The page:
Also, blaming every Iranian or Muslim for the crimes of Islamist terrorists is like blaming all whites or Christians or Americans for those killed by white supremacists.

Whatever the nationality, immigration status or belief of the perpetrators, it is unjust to hold entire populations collectively responsible for the homicide and mass murder committed by individuals.

Whilst still very imperfect, fairer justice systems have developed somewhat to move away from collective retribution and revenge to individual accountability for crimes committed. Trump’s Executive Orders blame masses of people whose only “crime” has been to be born in a specific geography or have certain religious beliefs, real or imputed.

It is important to note that since 9/11 more people have been killed in the US by white supremacists than Islamists. Based on Trump’s logic, should white Christians be placed on registries, targeted and banned en mass or should those who have committed the actual killings be prosecuted?

The homogenisation of entire societies and countless refugees denies plurality and diversity amongst those labelled Muslims. Don’t forget, there is a tsunami of atheism in many countries under Islamic rule, other religious minorities, and many who don’t consider religion to be the most important marker that defines them. Also, no one understands the need for secularism better than those living under the boot of the religious-Right. Clearly, just because someone is white or Christian doesn’t make them a white supremacist that will go on to murder innocent people praying at a mosque; the same applies to Muslims or Iranian, Iraqi or Somali nationals.

More importantly, scapegoating Muslims and migrants conveniently ignores the US’ role in perpetrating terrorism globally, including via its militarism or ongoing support of states like Turkey’s Erdogan and the Saudi regime.

As many security experts will attest, racial or ethnic profiling just doesn’t work; behavioural profiling does, as does targeting the far-Right white supremacist or Islamist groups rather than white people or Muslims or migrants. The reality is that most of the terrorists who have carried out attacks are already known to the authorities in various countries because of their links with groups that promote terrorism.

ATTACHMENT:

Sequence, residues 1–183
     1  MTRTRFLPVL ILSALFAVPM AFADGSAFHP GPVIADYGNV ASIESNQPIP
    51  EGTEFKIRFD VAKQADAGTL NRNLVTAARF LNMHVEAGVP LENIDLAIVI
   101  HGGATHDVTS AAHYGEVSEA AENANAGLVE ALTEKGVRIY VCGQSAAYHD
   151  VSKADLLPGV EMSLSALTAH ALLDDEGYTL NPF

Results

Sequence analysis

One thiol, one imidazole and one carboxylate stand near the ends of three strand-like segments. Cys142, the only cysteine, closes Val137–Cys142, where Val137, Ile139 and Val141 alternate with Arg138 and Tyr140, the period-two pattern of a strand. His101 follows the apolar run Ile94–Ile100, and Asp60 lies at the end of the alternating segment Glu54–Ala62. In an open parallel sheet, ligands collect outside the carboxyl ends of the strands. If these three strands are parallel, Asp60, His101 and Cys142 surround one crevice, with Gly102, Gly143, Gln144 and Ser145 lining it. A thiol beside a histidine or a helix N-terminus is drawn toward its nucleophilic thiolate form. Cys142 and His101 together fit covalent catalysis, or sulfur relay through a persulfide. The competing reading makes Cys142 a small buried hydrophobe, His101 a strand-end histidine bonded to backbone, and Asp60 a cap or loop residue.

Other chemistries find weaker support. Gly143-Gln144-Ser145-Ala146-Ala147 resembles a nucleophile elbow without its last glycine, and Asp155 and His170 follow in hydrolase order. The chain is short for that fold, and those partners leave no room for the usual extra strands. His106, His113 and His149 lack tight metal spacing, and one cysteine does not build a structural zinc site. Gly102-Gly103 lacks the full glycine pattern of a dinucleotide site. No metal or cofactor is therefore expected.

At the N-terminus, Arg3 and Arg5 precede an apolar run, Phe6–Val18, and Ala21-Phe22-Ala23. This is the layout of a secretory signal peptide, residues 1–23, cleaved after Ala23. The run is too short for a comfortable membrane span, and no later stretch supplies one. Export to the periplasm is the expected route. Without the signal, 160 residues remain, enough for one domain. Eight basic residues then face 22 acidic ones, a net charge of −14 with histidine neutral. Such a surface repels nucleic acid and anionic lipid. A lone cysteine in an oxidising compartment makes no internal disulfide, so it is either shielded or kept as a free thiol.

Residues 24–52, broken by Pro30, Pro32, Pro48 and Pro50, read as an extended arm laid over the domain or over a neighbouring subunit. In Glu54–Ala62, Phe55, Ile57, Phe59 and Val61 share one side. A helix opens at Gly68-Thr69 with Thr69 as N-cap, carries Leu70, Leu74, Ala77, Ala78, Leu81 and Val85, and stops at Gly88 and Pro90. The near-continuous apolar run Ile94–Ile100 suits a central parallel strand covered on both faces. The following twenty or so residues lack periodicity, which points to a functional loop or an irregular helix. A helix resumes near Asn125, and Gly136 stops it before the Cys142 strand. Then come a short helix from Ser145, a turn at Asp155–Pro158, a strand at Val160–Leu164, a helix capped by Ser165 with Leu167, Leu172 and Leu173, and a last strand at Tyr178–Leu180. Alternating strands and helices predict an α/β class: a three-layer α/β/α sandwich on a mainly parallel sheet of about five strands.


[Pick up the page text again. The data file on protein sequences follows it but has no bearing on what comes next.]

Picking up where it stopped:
Of course in the post-truth era, facts don’t matter. The far-Right needs scapegoats in order to whip up populist hysteria against the most vulnerable so it can go ahead with its assault on people’s lives and rights.

Eventually they will come for you. And the only way to stop them is to fight for those they come for first.  El Pueblo Unido Jamás Será Vencido.


  1. "Also, blaming every Iranian or Muslim for the crimes of Islamist terrorists is like blaming all whites or Christians or Americans for those killed by white supremacists."

    This analogy runs throughout the piece and doesnt hold true. Being white isnt an ideology, and isnt on a spectrum with white supremicism.
    Islamist is a made up word, if Mohammed were alive today he would be called an Islamist.
    He lived 13 years in Mecca as exclusively a religious person,and when he was expelled to Medina he left with 150 followers. There he became a warlord and politician,and in the next ten years he averaged a jihad event every six weeks. By the time he died he had converted all of the Hijaz (Central Arabia , about 100,000 people). And these distinct periods are reflected in the Koran, verses written in Mecca are peaceful, verses written in Medina are the 'problematic' ones, and these abrograte the earlier ones (which in this context means replacing that which is good with something that is better).
    Muslims are on this spectrum, but terror isnt the primary issue, its Sharia Law,which for example has different strata's of protections/penalties depending on ones social status.

  2. Forgot to add, by volume,Islam (the Koran,Sura,Hadith) is 85% Mohammed, and 15 % God type stuff. Before any ban or further discussion of Islam, id actually have some compulsory reading of the source material, not listening to intermediaries (myself inlcuded).

  3. Daithi D,

    blaming every Iranian or Muslim for the crimes of Islamist terrorists is like blaming all whites or Christians or Americans for those killed by white supremacists is a very true statement.

    Blaming an entire group of people for actions they did not take nor were responsible for is wholly wrong.

    Being Iranian is not an ideology. Nor is being from a Muslim country. Trump is not saying that atheists from Muslim countries should be allowed in and believers banned.

  4. AM, I know this. This article is replete with similar propositions. Others have Christianity/KKK references. There will be overlap, but one is not a subset of the other, Jihad attacks are part of Islam, as is Sharia. If you claim to subscribe to an Ideology, then others are entitles to draw inference on that. Im concerned with exegesis, not herd phenomena ascribed to Islam.